Sprite, that baby has really done some growing! Good work. The foto is not detailed enough, but the form reminds me of two not too closely related, but similar species; A. loripes and A. longicyanthus (when young). I tend to the former. Do you have or have seen an A. granulosa? A. loripes has similar proportions, but the form is more a bush (caespitose) and the axials are less than half as long as granulosa (which tends to table). All members of the loripes group have a very smooth coenosteum and plump-looking corallites. Members of the echinata group, to which A. longicyanthus belongs, have a much finer general appearance with a often reticulate coenosteum that one can just make-out under the tissues.
Now that it has grown a bit, I see it cannot be either A. turaki or A. lokani. Good that you continue to show fotos, there is a lot of knowledge to be gleened from these developement comparison.
MechEng, thanks for the confidence, but you do realize how much guess-work is actually involved. Fotos are tough to judge! I hope people try to cross reference and not simply accept my word!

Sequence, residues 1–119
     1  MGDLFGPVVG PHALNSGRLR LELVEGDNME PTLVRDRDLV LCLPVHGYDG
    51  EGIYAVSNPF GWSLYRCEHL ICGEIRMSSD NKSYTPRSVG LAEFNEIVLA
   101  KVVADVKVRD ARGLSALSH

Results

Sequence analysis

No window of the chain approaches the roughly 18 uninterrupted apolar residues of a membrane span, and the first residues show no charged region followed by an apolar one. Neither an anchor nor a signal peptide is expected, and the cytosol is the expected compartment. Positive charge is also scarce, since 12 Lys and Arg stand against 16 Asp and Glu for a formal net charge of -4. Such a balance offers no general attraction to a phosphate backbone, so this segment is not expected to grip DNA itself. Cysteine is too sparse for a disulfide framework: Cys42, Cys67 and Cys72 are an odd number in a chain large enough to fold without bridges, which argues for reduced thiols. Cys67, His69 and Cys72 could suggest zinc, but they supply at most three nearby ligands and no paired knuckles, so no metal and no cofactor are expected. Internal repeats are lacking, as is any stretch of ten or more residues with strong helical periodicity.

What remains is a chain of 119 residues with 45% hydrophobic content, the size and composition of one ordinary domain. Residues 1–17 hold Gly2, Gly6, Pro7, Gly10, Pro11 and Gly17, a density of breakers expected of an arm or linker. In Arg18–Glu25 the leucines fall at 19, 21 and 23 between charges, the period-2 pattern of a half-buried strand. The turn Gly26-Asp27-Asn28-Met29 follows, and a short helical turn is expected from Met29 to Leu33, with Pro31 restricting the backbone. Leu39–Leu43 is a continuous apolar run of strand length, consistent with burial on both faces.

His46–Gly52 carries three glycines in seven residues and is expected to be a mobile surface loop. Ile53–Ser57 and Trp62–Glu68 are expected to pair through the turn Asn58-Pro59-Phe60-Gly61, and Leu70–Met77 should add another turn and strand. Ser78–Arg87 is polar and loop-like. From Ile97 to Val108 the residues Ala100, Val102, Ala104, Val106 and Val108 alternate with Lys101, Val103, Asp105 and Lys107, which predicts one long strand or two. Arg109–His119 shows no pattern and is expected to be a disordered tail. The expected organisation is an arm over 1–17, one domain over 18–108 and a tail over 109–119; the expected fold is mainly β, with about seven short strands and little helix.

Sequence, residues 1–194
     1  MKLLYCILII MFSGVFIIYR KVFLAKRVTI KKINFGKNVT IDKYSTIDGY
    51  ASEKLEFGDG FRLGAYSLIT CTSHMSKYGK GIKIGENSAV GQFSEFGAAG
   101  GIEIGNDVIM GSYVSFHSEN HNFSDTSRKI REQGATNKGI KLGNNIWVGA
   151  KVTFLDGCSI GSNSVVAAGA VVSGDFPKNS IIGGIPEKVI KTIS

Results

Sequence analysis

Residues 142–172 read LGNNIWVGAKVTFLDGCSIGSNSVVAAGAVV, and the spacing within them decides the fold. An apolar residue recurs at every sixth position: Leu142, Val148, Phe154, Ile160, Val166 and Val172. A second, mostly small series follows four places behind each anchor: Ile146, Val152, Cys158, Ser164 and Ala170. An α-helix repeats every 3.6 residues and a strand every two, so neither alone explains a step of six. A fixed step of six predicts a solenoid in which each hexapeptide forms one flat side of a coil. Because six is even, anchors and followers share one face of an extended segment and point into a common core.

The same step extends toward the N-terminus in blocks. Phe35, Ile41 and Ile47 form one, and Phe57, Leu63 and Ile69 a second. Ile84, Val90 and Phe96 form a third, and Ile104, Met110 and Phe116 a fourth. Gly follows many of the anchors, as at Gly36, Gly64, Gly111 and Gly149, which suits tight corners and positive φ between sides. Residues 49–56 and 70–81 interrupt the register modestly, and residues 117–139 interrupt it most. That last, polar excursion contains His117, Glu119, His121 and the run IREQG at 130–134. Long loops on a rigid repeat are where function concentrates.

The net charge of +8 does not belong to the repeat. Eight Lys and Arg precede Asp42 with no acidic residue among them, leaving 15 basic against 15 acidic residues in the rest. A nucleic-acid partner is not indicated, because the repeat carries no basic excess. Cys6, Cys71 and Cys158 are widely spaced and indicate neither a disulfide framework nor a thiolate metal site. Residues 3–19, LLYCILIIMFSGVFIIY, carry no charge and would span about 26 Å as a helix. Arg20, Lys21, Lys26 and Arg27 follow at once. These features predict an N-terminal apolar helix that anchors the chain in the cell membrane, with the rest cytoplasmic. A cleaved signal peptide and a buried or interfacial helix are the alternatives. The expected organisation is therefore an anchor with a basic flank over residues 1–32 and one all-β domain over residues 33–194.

Well, it has really developed. I beleive you have an interesting morph of A. granulosa. At first it looked to be from the echinata group, but with the pocket shape radials and relatively long axials, plus the flat branching habit, it must be A. granulosa or A. loripes. There are examples that are hard to order to one species or the other, which may mean they are simply members of a gradient. A. lokani belongs to this group, but has much longer axials and far fewer radials. I personaly find this an interesting group of corals. They combine form and grace in a most particular way, plus they are generally delicately coloured.